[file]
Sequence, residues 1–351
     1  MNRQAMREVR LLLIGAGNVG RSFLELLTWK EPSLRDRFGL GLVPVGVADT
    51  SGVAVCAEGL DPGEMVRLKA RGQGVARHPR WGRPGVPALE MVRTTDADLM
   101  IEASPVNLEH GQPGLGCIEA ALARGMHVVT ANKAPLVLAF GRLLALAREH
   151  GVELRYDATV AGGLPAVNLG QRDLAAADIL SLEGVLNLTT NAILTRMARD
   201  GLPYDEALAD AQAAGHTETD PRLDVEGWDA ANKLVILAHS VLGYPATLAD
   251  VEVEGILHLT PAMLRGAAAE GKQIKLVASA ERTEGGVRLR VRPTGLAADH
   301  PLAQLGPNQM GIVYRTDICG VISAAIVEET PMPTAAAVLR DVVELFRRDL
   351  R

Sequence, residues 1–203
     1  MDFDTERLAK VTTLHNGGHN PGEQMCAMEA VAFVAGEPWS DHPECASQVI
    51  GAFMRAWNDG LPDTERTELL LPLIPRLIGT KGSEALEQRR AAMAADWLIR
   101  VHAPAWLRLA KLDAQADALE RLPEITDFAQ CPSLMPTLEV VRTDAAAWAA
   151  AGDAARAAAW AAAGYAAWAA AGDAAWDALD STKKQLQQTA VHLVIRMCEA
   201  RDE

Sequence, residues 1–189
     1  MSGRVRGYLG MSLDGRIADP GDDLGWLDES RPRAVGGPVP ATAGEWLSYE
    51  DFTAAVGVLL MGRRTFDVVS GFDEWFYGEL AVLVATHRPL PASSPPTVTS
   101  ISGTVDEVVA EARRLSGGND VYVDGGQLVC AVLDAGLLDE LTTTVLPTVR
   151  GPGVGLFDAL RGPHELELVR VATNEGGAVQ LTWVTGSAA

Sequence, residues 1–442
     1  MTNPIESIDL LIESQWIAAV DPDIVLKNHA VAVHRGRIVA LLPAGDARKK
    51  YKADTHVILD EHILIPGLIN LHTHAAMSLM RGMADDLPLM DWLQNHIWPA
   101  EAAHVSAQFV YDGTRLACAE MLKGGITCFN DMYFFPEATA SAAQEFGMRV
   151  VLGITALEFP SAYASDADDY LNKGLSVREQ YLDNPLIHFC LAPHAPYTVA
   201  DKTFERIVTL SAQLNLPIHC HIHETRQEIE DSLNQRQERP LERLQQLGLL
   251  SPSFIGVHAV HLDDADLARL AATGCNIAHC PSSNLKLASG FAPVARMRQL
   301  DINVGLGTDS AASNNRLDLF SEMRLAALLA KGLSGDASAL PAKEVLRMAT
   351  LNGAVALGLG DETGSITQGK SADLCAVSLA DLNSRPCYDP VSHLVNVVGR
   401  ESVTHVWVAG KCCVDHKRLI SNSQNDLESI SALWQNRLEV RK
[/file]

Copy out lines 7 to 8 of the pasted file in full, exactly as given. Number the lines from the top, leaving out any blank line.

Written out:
   251  VEVEGILHLT PAMLRGAAAE GKQIKLVASA ERTEGGVRLR VRPTGLAADH
   301  PLAQLGPNQM GIVYRTDICG VISAAIVEET PMPTAAAVLR DVVELFRRDL